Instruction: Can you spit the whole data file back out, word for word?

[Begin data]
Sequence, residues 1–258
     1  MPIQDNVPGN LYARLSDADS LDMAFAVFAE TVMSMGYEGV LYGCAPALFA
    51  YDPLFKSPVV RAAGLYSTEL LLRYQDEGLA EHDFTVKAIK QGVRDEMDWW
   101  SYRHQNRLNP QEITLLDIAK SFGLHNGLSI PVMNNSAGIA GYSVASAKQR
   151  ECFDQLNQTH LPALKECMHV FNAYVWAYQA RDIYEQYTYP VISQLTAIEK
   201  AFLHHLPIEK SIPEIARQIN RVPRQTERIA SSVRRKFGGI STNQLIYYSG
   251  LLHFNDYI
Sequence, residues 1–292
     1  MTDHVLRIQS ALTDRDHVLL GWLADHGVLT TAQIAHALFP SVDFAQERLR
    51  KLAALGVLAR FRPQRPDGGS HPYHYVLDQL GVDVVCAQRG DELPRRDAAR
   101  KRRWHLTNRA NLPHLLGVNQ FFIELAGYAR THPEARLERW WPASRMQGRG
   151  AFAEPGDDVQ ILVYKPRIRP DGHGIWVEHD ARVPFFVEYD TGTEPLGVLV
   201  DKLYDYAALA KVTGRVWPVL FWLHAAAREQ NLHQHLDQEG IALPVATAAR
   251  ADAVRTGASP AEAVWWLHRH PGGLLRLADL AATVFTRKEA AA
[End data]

Sequence, residues 1–258
     1  MPIQDNVPGN LYARLSDADS LDMAFAVFAE TVMSMGYEGV LYGCAPALFA
    51  YDPLFKSPVV RAAGLYSTEL LLRYQDEGLA EHDFTVKAIK QGVRDEMDWW
   101  SYRHQNRLNP QEITLLDIAK SFGLHNGLSI PVMNNSAGIA GYSVASAKQR
   151  ECFDQLNQTH LPALKECMHV FNAYVWAYQA RDIYEQYTYP VISQLTAIEK
   201  AFLHHLPIEK SIPEIARQIN RVPRQTERIA SSVRRKFGGI STNQLIYYSG
   251  LLHFNDYI
Sequence, residues 1–292
     1  MTDHVLRIQS ALTDRDHVLL GWLADHGVLT TAQIAHALFP SVDFAQERLR
    51  KLAALGVLAR FRPQRPDGGS HPYHYVLDQL GVDVVCAQRG DELPRRDAAR
   101  KRRWHLTNRA NLPHLLGVNQ FFIELAGYAR THPEARLERW WPASRMQGRG
   151  AFAEPGDDVQ ILVYKPRIRP DGHGIWVEHD ARVPFFVEYD TGTEPLGVLV
   201  DKLYDYAALA KVTGRVWPVL FWLHAAAREQ NLHQHLDQEG IALPVATAAR
   251  ADAVRTGASP AEAVWWLHRH PGGLLRLADL AATVFTRKEA AA